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November 11th, 2018

It's almost a month now since I went to Brașov for the Children of the Night International Dracula Congress, but as I have also been away to Whitby and Warwick for the weekends since I got back, this is the first time I've had a quiet Sunday available for writing about it. This event was the successor to the World Dracula Congress which I attended in Dublin in 2016, and another is already planned back in Brașov again for 2020. It was smaller in scale than the Dublin Congress, with a core of about twenty of us giving papers, but also a pretty large additional audience of local students working on tourism degrees. The link here, fairly obviously, is that Dracula is such a huge tourist draw for Romania (whether they like it or not), with the conference timed to coincide with a local Dracula Film Festival, and those in the tourism industry in both Brașov and beyond are busy thinking hard about how best to present and capitalise on it. So the students came along to learn more about an unavoidably central figure for Romanian tourism, and I guess to experience the conventions of an academic conference.

Meanwhile, I found being part of a smallish core of academic presenters actually really enjoyable. After all, we all had a shared passion and a great excuse to talk about it almost non-stop for the whole conference, so we had all become very much firm friends by the end of the experience. Here we are in front of the conference venue:


We were a very international bunch, with a full ten nationalities represented across that line-up: Romanian, Russian, Polish, German, Dutch, Portuguese, British, American, Brazilian and Japanese. Classics conferences are of course generally international too, but with Classics conferences there is usually an clear majority of delegates from the country where the conference is taking place - so e.g. I went to a conference in Vienna a few years ago where the majority language was very definitely German. With this conference, no one language really had a distinct plurality amongst the core delegates, let alone a majority, and that meant that for the first time I really saw how English operates as an international language in these contexts. When a Polish-speaking delegate wanted to chat to Japanese-speaking delegate over coffee, they used English because that was their strongest shared channel of communication. Standing there with my Duolingo-level elementary grasp of Romanian and an awareness that I could have functioned perfectly well for the whole week without even that, it was eye-opening and humbling to see.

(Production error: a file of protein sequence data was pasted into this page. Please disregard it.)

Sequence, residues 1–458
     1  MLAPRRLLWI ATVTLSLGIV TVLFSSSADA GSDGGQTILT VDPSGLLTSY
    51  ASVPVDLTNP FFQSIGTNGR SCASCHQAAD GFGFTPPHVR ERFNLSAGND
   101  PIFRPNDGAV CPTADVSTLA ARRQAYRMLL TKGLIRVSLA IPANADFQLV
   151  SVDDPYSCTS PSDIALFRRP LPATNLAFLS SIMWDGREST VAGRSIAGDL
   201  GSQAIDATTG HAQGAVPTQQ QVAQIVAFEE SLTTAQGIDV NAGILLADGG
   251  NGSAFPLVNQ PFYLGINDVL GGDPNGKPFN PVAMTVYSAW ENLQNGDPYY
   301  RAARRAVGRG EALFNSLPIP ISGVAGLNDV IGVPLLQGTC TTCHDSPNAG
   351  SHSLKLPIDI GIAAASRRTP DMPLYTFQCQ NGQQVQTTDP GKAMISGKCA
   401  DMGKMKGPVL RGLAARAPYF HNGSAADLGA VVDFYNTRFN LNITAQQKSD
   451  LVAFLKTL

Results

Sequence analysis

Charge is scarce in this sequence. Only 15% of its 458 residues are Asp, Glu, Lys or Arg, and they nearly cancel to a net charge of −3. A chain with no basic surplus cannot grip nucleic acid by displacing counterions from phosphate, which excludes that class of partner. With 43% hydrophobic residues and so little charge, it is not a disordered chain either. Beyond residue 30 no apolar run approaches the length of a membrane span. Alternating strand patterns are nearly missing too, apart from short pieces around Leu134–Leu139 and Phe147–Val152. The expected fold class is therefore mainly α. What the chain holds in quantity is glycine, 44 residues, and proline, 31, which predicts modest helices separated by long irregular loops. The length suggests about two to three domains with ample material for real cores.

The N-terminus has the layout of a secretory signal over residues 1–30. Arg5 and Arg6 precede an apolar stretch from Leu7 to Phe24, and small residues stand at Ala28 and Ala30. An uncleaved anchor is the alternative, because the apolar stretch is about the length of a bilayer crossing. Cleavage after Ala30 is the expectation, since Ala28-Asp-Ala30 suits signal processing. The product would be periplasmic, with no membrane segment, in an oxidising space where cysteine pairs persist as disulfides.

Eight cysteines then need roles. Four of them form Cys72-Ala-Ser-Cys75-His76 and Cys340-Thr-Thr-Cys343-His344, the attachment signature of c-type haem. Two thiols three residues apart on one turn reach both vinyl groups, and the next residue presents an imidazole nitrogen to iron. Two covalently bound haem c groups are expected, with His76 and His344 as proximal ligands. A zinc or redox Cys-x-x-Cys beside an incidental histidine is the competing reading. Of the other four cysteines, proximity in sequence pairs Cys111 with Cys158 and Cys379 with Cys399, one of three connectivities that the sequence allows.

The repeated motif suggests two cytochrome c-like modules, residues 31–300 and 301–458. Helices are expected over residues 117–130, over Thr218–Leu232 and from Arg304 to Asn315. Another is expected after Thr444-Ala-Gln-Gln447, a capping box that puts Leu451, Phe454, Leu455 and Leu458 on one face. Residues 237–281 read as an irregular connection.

My own paperCollapse )

Other people's papersCollapse )

Bonus funCollapse )

Tours of Brașov, Bran and TârgovișteCollapse )

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New Who 11.6 Demons of the Punjab

Gosh, that was powerful. I mean, I would totally defer to anyone from an Indian or Pakistani background about the details of it, and whether it did justice to the time and the people depicted. But it had me absolutely gripped and entranced, and often close to tears. It was a really good example of how history in microcosm, told here through just two families, can feel so much more immediate than Great Men and Great Events.

Really interesting, too, to see how that was incorporated into the format of Doctor Who. Rosa gave us fairly traditional pseudo-history, in which the Doctor and her friends had to fight to protect history from being derailed by an alien threat, but the aliens in this episode turned out to be spoileryCollapse )

One final, minor note. Obviously this was Yaz's story above all, and I definitely felt I had come to know her and her family much better by the end of it. (Though I would love to know when we were supposed to understand the final scene between her and her grandmother as happening - on a quick trip back to her home time? Or after all her travels with the Doctor are over?) But for some reason for me this was also the episode where I finally felt I had really clicked with Ryan. I've found him a bit difficult to grasp so far, probably mainly because the life experience of a young black man is pretty far away from mine, but maybe also because he is quite quiet and laconic anyway. But there was something about the way he took this setting and story in his stride, so respectful of everyone around him and ready to do whatever was needed to help people and ease tensions, that just finally made me get him and really feel warm towards him. So, glad to meet you properly Ryan. Here's to all of Team TARDIS' further adventures.

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